Property tax supports public schools

Published 12:00 am Tuesday, October 9, 2007

To the editor:

Property owners throughout the state of Alabama recently received a courtesy tax notice via the United States Postal Service.

Revenue from property tax is the county government’s primary source of funding public schools.

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Initially, many of the nation’s earliest politicians and religious organizations opposed tax supported public schools.

They felt that education was a private matter and to tax citizens to support it was unconstitutional.

Then, some of these individuals began to realize that if this democracy was going to grow and be prosperous, educational opportunities had to be extended beyond the privileged class.

Working people’s children had to be educated, also.

The decades from 1820 to 1860 witnessed startling changes in people’s attitude toward public education.

By 1860, the principle of a free, tax-supported, public school education was generally accepted.

Nevertheless, a small minority of individuals presently have a prejudice against public education, and the method (s) in which it is funded.

There are good things happening in public schools in Alabama.

A recent report released by National Assessment of Educational Progress (NAEP) indicates Alabama with the greatest improvement in the nation in fourth grade reading scores.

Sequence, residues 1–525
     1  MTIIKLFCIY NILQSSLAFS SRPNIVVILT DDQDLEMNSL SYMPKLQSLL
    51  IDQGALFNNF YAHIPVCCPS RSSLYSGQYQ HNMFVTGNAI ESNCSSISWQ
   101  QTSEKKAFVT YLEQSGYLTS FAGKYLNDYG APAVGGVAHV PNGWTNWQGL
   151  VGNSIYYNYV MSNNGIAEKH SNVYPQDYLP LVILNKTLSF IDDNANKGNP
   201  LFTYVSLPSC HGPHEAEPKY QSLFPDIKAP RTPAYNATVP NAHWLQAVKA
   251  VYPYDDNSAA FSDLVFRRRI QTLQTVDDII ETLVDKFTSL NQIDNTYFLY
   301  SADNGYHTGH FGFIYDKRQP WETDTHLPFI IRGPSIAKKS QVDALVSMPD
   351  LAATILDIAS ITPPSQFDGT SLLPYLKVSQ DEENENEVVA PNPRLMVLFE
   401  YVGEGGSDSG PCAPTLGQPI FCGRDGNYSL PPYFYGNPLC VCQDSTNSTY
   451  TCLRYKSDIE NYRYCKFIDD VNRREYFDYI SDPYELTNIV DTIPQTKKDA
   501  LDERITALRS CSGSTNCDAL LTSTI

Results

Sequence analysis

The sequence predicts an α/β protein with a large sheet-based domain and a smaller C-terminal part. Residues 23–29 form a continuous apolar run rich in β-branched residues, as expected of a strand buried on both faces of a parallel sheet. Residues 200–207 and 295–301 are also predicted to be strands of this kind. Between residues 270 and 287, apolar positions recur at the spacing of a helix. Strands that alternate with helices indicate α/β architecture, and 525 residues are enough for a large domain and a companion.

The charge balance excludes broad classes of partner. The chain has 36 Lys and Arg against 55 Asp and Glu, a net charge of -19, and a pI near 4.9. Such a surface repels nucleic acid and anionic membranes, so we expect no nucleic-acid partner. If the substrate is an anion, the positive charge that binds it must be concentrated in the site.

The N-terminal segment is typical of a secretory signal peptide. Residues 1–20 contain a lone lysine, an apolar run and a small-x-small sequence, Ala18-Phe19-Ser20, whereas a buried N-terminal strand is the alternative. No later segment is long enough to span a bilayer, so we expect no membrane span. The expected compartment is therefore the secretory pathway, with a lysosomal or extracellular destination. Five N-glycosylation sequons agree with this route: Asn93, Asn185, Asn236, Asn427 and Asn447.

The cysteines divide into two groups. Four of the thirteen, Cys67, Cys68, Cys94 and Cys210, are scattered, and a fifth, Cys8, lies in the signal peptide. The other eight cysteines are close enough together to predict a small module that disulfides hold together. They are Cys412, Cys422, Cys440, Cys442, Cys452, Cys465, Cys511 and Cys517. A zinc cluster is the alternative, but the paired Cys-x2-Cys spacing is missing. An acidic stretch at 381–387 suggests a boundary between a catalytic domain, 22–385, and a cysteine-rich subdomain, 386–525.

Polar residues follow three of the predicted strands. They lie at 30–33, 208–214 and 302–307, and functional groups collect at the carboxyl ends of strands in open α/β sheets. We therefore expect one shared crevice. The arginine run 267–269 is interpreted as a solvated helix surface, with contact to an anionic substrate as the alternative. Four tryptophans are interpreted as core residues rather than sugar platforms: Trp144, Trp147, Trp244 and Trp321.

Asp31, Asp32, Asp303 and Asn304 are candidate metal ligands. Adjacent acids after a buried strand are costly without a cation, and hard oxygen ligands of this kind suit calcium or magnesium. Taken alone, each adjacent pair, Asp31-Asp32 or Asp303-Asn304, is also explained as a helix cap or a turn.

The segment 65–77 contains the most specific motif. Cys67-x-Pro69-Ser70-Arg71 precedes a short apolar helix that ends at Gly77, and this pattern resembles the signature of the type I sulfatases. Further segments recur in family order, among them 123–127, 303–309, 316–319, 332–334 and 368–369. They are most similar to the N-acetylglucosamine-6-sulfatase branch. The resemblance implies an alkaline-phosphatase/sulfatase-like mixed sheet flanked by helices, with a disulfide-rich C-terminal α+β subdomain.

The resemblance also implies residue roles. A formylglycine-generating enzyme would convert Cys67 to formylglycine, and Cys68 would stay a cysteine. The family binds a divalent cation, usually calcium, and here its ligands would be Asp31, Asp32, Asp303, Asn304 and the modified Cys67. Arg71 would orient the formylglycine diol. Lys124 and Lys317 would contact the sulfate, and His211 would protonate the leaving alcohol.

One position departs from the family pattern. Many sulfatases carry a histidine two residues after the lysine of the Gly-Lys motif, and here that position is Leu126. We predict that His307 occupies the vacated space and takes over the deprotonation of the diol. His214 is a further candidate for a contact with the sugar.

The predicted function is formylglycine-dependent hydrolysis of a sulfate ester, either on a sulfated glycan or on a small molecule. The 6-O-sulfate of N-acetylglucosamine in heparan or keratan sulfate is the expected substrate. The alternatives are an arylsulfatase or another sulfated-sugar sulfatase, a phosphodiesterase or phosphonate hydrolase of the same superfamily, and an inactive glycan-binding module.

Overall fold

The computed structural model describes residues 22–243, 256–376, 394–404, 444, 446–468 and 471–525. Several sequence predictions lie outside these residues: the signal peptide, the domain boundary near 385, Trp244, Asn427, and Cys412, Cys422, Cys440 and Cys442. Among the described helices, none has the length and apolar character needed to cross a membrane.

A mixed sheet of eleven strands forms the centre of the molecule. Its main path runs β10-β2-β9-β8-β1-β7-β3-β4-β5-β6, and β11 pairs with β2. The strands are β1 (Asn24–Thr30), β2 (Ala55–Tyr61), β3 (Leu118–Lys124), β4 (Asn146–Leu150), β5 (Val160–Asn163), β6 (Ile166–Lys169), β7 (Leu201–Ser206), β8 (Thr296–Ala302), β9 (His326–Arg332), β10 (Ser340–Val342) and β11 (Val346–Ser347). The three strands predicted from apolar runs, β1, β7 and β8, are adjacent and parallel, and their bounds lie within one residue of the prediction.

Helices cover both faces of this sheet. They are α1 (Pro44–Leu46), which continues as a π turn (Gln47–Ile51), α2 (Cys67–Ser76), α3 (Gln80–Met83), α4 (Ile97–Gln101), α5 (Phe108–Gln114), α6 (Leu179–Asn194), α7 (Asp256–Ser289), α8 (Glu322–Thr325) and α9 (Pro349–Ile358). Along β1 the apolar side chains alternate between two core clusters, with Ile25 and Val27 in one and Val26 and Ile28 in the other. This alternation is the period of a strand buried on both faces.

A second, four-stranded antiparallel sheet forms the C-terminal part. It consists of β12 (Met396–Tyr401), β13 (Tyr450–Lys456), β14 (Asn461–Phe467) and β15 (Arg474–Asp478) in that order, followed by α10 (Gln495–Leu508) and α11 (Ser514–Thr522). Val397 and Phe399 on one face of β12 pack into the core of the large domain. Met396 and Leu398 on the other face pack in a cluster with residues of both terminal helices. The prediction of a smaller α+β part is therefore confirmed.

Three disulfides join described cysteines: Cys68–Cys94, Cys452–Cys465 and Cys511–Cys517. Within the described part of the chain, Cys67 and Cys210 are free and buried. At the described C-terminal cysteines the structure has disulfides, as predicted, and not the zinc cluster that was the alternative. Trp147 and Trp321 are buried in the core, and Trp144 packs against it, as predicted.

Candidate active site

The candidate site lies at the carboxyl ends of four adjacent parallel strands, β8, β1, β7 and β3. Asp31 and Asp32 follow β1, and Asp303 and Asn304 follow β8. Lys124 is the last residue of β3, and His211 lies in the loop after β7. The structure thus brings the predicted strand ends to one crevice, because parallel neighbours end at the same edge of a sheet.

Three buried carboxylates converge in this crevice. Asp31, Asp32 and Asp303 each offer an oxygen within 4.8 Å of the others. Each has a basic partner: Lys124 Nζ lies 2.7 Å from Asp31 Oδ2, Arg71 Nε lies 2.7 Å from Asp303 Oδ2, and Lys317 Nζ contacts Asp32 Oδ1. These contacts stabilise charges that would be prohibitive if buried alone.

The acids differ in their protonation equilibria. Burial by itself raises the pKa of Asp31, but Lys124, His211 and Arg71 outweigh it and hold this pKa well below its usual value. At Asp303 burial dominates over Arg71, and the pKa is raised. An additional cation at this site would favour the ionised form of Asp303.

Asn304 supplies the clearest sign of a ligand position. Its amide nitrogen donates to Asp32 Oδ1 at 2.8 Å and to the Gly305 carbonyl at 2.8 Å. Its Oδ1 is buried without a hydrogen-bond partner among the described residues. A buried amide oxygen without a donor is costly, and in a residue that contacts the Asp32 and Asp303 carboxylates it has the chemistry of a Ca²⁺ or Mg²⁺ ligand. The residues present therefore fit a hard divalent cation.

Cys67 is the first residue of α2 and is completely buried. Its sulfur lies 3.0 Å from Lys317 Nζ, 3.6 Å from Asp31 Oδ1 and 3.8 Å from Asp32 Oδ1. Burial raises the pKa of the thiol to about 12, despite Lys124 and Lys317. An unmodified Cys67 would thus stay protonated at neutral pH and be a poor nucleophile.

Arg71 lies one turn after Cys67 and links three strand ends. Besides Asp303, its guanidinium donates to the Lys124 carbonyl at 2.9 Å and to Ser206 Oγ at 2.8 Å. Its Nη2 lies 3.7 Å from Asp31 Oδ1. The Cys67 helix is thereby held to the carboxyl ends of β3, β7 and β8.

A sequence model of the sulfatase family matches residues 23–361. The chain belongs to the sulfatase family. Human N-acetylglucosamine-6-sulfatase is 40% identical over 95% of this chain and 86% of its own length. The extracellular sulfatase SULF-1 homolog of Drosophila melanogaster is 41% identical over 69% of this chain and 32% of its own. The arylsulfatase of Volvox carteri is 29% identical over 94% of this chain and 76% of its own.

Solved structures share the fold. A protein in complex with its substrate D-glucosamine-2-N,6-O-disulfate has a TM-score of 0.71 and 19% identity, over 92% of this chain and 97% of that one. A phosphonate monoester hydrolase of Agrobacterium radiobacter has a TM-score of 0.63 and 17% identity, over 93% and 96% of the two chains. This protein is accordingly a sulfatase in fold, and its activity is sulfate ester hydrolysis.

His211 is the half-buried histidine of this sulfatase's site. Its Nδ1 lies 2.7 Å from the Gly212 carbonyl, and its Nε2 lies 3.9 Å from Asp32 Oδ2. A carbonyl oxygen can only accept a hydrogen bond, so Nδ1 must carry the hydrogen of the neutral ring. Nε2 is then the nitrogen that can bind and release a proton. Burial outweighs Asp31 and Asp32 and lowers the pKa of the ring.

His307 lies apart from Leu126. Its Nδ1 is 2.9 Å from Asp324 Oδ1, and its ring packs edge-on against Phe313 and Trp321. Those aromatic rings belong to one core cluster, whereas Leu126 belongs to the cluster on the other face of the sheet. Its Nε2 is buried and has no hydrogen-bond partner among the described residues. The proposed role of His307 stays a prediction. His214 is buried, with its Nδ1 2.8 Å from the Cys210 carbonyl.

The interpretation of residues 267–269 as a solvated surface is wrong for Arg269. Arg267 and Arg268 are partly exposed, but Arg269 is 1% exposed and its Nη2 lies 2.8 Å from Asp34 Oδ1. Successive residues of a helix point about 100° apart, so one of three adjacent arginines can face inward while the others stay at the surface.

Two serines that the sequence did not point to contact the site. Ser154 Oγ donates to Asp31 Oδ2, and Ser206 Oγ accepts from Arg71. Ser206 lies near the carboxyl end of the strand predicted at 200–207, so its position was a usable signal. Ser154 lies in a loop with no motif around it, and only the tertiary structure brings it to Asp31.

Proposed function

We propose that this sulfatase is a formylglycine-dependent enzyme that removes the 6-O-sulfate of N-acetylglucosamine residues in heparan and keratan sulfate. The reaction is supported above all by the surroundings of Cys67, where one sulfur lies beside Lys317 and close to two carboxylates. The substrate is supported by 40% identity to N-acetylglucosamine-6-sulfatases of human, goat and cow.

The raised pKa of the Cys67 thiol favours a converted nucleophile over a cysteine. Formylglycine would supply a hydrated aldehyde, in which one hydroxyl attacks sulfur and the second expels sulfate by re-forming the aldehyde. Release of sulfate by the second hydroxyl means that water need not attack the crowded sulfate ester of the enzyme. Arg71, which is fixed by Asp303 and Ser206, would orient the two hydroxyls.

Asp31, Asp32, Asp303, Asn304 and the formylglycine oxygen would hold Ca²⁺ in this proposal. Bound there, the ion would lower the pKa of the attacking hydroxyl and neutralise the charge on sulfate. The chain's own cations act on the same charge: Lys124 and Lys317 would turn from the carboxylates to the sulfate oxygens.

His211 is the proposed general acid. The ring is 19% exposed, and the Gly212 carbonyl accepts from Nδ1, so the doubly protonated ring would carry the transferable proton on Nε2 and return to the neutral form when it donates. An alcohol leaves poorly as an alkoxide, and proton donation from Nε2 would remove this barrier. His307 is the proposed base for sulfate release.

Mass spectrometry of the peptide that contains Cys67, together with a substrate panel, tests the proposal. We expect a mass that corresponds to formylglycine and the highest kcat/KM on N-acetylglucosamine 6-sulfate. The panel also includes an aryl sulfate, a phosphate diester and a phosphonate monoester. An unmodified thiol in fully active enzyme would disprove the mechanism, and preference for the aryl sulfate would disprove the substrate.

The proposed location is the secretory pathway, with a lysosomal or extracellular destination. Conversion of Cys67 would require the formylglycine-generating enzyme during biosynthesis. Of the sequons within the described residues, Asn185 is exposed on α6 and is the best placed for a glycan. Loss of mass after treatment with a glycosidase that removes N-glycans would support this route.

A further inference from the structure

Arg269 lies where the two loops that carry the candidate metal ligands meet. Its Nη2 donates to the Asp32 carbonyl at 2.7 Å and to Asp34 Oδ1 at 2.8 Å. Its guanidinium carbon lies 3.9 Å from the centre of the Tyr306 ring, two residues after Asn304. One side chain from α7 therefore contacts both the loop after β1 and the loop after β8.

This improvement is the highest of any state in the United States between 2005 and 2007.

The report also shows Alabama’s students’ improvement in fourth and eighth grade mathematics.

Progress has been made in student academic performance.

Now, it is imperative to focus on capital improvement.

The average school building in the United States is 50 years old.

Renovating and constructing new schools should be included in many districts’ short and long term strategic plan.

On the average, taxpayers’ education designated dollars are wisely spent in the state of Alabama.

Public education helps our democracy by allowing individuals to gain knowledge.

Knowledge can be a powerful tool as well as a personal asset.

Gerald Shirley, Principal

School of Discovery, Selma

What are we telling our leaders?

To the editor:

It is said, the actions our leaders take today will prepare the way for the leaders of tomorrow. One would hope that our leaders of tomorrow are not watching all of the actions our leaders of today are demonstrating.

It is sad that our city leaders cannot get together for a few hours to discuss ways to make this city a better place without having some type of brawl or without leaders trying to destroy each other’s character. What is even sadder is that we don’t seem to realize that our actions on and off duty reflect who we are and that our future leaders are watching us on a daily basis.

This is why when things are brought to the mayor’s office and department head about city employees who hold an appointed position they should take action that will show tomorrows leaders that your actions do speak louder than your words.

We cannot have city employees who hold an appointed position using city property (cell phones, vehicles and buildings) to run personal businesses and run errands outside of the city.

I know the citizens of Selma do not want to pay for cell phones, new vehicles and upkeep of buildings when our leaders are allowing them to be used for things other than city business.

I ask and pray that we change the way we look at things and the way we do things in our position of leadership.

We can send someone home for a few days and move them around and think we’ve done our job but what are we really telling our future leaders?

Scott Girlie